The Sights, Sounds, Touch and Movements of Playing
April 2, 2012
Awareness of the body’s rich sensory feedback is an essential component of expressive music-making.
What are your awareness habits?
Think about your awareness habits as you play. What is in your awareness you play? To get an idea of your awareness habits, play a piece or etude then answer the following questions:
Would you describe your awareness as concentrating?
Does your focus shift as you play or is it fixed on one thing?
Do you ever hear the note you are playing, feel movement in your body, see the space, and feel the instrument in your hands as you play?
Barbara Conable author of “What Every Musician Needs to Know About the Body” coined the term, Inclusive Awareness to describe the ideal state of awareness for making-music. Inclusive awareness allows us to be internally and externally aware, and to focus on a particular element without losing awareness of others.
From Concentration to Inclusive Awareness
Let’s make the transition from a state of concentration to inclusive awareness. Along the way I invite you to notice the physical changes that take place. Each step of this exploration adds another aspect of the senses to your awareness.
- Concentrate on a single word on the page for a few minutes. Block out the sounds, sensations and activity around you.
Self-Inquiry: Does your physical comfort and breathing change as you concentrate?
- Continue to look at the word and notice you can see other words on the page, they may not be legible but you can make out the shapes of letters and words.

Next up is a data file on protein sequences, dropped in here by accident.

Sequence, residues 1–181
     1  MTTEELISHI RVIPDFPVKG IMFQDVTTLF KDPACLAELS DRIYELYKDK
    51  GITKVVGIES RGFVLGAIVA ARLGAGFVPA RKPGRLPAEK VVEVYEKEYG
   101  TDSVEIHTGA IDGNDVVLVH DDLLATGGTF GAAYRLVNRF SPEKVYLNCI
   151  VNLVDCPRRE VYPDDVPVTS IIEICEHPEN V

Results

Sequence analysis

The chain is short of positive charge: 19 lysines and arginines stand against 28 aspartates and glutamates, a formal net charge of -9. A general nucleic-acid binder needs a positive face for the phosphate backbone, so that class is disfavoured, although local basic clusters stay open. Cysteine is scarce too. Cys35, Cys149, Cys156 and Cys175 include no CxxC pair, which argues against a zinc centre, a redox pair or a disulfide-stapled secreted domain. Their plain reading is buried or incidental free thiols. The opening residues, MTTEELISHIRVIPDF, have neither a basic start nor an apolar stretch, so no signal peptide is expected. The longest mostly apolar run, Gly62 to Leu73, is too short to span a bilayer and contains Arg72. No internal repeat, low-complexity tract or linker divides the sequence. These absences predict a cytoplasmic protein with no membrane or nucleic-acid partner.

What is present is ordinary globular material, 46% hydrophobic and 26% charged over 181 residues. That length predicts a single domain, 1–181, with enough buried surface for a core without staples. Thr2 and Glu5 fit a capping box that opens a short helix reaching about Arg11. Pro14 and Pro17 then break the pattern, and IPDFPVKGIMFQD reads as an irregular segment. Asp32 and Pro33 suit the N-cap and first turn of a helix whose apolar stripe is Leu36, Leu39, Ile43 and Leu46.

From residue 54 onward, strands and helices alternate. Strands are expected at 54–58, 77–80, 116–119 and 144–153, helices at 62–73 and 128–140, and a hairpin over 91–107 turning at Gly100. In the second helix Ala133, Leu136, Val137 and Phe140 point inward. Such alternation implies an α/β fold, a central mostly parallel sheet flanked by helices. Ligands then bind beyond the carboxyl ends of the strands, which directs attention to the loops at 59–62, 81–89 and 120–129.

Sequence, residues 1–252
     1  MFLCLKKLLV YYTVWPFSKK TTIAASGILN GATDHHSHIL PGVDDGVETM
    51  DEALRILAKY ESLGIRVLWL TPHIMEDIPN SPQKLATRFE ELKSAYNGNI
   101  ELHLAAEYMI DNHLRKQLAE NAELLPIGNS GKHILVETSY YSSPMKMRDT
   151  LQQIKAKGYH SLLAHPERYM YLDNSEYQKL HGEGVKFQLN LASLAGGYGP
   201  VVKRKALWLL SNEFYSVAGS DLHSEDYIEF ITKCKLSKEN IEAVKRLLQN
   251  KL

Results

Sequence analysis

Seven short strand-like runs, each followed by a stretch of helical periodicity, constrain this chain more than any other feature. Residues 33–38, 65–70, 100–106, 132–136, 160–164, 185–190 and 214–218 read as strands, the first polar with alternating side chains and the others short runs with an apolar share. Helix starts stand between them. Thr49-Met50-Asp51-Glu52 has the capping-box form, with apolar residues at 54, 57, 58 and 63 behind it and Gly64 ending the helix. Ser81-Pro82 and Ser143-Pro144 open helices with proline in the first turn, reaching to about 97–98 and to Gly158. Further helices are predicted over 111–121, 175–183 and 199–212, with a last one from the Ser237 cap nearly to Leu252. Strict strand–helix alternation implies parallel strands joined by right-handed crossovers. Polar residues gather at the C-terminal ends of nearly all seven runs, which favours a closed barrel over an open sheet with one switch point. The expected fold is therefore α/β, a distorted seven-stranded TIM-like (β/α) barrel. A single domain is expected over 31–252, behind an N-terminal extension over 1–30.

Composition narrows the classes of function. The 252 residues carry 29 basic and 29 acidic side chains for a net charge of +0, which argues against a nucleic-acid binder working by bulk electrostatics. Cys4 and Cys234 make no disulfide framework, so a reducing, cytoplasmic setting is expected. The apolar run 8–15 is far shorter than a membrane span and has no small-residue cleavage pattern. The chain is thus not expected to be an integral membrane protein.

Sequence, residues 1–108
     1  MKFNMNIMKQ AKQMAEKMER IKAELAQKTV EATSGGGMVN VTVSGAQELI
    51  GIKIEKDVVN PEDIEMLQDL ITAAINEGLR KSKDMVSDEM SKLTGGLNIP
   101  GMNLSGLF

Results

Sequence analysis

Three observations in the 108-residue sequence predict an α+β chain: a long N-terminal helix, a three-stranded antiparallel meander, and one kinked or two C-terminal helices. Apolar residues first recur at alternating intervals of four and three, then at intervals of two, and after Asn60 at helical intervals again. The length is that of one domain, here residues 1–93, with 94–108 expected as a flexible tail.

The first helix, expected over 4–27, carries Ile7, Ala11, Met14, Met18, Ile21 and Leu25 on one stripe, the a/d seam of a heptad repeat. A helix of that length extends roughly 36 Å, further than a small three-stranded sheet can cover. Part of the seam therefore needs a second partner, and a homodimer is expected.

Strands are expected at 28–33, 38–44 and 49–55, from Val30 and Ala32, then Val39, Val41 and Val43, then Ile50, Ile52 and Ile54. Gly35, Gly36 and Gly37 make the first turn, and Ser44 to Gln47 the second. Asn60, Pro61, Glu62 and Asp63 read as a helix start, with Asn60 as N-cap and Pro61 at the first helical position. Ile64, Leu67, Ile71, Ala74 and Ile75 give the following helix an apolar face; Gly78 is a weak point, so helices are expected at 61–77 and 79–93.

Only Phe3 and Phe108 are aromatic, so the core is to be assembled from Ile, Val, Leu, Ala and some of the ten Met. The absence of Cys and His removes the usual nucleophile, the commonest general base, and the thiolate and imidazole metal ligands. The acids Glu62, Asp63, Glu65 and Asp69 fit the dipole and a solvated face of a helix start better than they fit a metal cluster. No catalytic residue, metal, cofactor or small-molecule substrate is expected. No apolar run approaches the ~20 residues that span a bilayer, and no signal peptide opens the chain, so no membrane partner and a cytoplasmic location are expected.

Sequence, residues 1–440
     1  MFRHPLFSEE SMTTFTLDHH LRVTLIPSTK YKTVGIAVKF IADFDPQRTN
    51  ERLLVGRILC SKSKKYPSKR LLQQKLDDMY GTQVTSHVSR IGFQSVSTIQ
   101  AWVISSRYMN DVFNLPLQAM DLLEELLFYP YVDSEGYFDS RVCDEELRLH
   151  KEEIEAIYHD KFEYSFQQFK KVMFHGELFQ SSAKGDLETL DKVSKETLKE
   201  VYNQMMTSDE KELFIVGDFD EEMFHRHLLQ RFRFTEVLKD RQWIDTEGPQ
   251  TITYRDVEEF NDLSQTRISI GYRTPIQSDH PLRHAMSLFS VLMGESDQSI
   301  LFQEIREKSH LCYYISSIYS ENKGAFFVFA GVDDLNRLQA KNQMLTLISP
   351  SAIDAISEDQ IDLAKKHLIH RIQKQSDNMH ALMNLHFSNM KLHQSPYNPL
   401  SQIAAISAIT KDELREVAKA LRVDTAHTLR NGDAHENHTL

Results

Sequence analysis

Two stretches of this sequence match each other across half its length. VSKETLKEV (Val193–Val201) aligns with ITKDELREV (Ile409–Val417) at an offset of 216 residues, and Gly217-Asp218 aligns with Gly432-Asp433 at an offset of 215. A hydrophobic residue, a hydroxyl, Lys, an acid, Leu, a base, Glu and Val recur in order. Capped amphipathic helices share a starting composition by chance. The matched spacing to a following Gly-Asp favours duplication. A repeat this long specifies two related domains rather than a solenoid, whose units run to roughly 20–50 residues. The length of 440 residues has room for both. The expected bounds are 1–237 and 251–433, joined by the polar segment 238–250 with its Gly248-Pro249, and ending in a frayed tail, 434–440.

Self-Inquiry: As you do this, do you experience changes in physical comfort and/or breathing?
- Expand visually: Continue to look at your word and the shapes of words that surround it, notice you can also see objects, colors, textures beyond your computer screen, they may be blurry. Simply notice them as you focus on your word.
Self-Inquiry: What physical changes occur when you expand your visual field?
- Add peripheral vision: Notice objects and/or movements in the peripheral field to the left, right, below and above. They may appear unfocused, don’t try to adjust, just notice that you can see peripherally as you look at your word.
Self-Inquiry: What physical changes are you experiencing? Do you notice changes in your facial mask?
- Add tactile sense: notice you can feel the contact of clothing, glasses, jewelry with your skin as you focus on your word. Feel your contact with the chair you are sitting in and the floor under your feet. Combine awareness of these sensations with your visual field.
Self-Inquiry: What physical changes are you experiencing? Has breathing become easier? Is it less effort to look at the word and sit in your chair?
- Add auditory: Notice that you can hear lots of noises some louder than others.
Self-Inquiry: Is it easier to sit and look at the word now?
- Add kinesthetic sense: notice the movements of the breath in and out of your body as well as any arm, leg or torso movement.
Self-Inquiry: Notice what it feels like to be focusing on an object as you see, hear, and feel at the same time.
You have just moved from a state of concentration to inclusive awareness. During the transition to inclusive awareness what changes to your physical comfort did you experience? At the end were you more comfortable sitting? Many people notice that inclusive awareness enhances physical comfort, reduces muscular effort and increases the feeling of ease throughout the body. Inclusive awareness offers the same benefits to us as we play our instrument. Repeat the same exploration as you look at music on your stand. Then repeat it as you play a simple tune.
Sensitivity to the feelings of sound, sight, touch and movement enhance musical expression. This complete sensory awareness includes the perception of physical movement which is the foundation to creating sound and making music. Inclusive awareness allows us to monitor movement quality and its delicate coordination as we play so that we may learn to use appropriate effort in playing, the key to musical expression.
I welcome your thoughts, questions and comments on your experience.